/UNILOG:file : Output status to Unicode Log file (overwrite)
        /LOG+:file : Output status to LOG file (append to existing log).
     /UNILOG+:file : Output status to Unicode Log file (append)
               /TS : Include Source file Time Stamps in the output.
               /FP : Include Full Pathname of files in the output.
               /NS : No Size - don’t log file sizes.
               /NC : No Class - don’t log file classes.
              /NFL : No File List - don’t log file names.
              /NDL : No Directory List - don’t log directory names.
              /TEE : Output to console window, as well as the log file.
              /NJH : No Job Header.
              /NJS : No Job Summary.

My preference when it comes to logging is to have seperate logfiles instead of appending to one big file. The option /NP is a no brainer, displaying ‘%’ will give you an indication how long it took for that specific file/folder, but who wants that right?It will only increase your logfile size taking more time to parse it down the line. I recently used /NDL and I must say this will keep your logfile footprint small. I did include /FP to still have an idea where the file is being copied from. I’d go with /NDL in combination with /FP when doing a delta-sync. A delta-sync is a robocopy job that will copy the differences once a full-sync has taken place. If the file hasn’t changed robocopy will skip it. Only new and newer files will be copied… Ok enough background, let get scripting shall we? 😛

Function Get-RCLogSummary{
  param(
    [String]$LogFileName,
    [String[]]$LogSummary
  )

  $objLogSummary = @{
    rcLogFile = $LogFileName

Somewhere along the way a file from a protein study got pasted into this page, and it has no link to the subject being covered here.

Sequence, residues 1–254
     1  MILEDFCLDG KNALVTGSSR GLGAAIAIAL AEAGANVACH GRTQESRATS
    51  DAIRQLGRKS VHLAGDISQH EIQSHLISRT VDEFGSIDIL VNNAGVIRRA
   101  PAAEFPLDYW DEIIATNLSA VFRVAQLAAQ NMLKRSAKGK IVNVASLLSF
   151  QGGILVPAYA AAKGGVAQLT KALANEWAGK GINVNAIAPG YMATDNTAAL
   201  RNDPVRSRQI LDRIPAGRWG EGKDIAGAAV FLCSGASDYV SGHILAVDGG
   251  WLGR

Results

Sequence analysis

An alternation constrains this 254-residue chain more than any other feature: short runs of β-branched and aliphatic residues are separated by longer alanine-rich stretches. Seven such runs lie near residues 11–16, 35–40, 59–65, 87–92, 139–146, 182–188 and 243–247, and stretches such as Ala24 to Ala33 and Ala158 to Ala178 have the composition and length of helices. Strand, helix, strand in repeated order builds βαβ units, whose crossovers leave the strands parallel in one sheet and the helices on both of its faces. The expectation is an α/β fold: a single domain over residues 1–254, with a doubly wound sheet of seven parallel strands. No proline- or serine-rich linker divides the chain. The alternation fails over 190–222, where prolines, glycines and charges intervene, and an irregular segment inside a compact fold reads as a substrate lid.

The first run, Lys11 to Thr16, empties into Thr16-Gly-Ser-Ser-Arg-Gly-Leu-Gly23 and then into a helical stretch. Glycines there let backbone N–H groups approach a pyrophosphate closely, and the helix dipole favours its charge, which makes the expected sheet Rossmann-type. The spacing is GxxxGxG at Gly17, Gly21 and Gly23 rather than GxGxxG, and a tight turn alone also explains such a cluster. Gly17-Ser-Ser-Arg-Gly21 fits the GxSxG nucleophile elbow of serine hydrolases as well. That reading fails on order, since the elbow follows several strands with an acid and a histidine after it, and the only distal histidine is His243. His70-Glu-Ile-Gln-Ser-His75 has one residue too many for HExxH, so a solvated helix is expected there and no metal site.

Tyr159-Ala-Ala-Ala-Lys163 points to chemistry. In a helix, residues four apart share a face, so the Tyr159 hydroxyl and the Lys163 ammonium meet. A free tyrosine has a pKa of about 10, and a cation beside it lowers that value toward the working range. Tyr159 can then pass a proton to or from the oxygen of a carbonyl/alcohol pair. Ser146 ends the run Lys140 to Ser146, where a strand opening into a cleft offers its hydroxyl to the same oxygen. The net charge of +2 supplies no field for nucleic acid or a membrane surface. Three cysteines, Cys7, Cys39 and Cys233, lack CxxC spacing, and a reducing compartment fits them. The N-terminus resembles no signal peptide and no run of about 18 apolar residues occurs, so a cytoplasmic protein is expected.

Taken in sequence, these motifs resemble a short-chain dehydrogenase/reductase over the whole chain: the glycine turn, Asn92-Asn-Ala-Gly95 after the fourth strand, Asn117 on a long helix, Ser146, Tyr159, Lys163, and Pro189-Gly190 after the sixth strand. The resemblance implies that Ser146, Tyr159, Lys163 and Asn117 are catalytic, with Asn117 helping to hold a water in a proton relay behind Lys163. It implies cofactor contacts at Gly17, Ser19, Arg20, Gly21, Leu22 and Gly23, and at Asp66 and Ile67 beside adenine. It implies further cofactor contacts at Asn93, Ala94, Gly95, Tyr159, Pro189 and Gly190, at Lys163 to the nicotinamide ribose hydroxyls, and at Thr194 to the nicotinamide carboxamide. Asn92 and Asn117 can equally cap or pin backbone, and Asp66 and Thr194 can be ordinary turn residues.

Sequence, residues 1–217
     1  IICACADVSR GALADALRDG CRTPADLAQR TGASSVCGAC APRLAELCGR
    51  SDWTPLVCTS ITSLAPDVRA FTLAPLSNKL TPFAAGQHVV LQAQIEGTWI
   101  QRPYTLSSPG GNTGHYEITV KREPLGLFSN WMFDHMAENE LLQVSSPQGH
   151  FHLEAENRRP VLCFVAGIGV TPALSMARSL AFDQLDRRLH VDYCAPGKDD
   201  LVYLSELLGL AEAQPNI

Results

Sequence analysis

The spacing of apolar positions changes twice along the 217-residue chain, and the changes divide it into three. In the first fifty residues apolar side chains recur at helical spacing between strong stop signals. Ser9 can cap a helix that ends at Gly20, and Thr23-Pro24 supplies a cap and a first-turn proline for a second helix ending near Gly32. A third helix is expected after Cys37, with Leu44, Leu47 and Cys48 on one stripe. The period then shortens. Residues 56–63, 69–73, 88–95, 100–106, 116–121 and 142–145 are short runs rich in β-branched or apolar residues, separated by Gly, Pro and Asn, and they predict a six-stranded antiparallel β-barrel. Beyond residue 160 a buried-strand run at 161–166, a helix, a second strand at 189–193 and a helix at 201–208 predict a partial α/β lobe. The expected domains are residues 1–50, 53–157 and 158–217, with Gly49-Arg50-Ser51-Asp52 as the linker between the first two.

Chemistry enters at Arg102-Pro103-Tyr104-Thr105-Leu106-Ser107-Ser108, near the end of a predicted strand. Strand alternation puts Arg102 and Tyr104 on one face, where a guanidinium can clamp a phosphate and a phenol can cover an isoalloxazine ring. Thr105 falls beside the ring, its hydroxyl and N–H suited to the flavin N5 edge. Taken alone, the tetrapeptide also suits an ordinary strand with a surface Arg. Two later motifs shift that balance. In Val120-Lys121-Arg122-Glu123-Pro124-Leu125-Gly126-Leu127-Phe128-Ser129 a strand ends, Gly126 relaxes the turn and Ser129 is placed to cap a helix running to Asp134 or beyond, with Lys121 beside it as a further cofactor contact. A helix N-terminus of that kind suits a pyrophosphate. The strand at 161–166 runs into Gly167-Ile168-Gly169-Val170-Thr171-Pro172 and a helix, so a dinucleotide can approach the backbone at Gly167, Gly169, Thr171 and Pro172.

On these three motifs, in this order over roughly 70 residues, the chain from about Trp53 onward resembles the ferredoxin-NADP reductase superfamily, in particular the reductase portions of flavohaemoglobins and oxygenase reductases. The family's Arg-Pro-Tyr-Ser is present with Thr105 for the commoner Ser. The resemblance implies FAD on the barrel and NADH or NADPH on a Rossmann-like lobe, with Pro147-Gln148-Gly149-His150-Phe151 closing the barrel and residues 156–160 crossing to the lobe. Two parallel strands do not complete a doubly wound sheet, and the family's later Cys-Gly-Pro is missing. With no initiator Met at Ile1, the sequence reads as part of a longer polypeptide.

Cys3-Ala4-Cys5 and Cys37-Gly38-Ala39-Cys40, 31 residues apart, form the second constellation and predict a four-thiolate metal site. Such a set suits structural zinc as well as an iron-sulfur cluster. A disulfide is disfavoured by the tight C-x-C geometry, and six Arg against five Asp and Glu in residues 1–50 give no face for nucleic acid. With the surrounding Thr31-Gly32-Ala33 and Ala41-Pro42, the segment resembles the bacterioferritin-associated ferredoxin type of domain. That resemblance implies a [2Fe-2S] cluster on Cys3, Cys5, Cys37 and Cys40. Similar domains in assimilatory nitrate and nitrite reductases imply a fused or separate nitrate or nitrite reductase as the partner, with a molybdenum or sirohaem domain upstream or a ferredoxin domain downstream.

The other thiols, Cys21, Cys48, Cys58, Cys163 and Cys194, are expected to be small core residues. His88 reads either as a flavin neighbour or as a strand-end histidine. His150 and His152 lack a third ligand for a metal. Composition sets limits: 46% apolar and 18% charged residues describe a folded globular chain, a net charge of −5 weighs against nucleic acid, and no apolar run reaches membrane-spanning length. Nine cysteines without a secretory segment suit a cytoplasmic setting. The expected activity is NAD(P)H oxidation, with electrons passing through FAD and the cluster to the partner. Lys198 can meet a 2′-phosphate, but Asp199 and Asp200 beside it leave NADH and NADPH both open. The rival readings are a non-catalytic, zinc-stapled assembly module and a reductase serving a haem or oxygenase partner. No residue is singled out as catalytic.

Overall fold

Speed = ''
  }

  Foreach($line in $logSummary) {
    switch ($line){
      #Header
      {$_ | select-string '   Source :'}
        {
          $_= $_.ToString()
          $objLogSummary.Add('Source',$_.Substring(11).Trim())
        }
      {$_ | select-string '     Dest :'}
        {
          $_= $_.ToString()
          $objLogSummary.Add('Target',$_.Substring(11).Trim())
        }
      {$_ | select-string '  Started :'}
        {
          $_= $_.ToString()
          $objLogSummary.Add('Start',$($_.Substring(11).Trim()))
        }
      #Footer
      {$_ | select-string '    Dirs :'}
        {
          $_= $_.ToString()
          $objLogSummary.Add('TotalDirs',$_.Substring(11,10).Trim())
          $objLogSummary.Add('FailedDirs',$_.Substring(51,10).Trim())
          $objLogSummary.Add('CopiedDirs',$_.Substring(21,10).Trim())
        }
      {$_ | select-string '   Files :'}
        {
          $_= $_.ToString()
          $objLogSummary.Add('TotalFiles',$_.Substring(11,10).Trim())
          $objLogSummary.Add('FailedFiles',$_.Substring(51,10).Trim())
          $objLogSummary.Add('CopiedFiles',$_.Substring(21,10).Trim())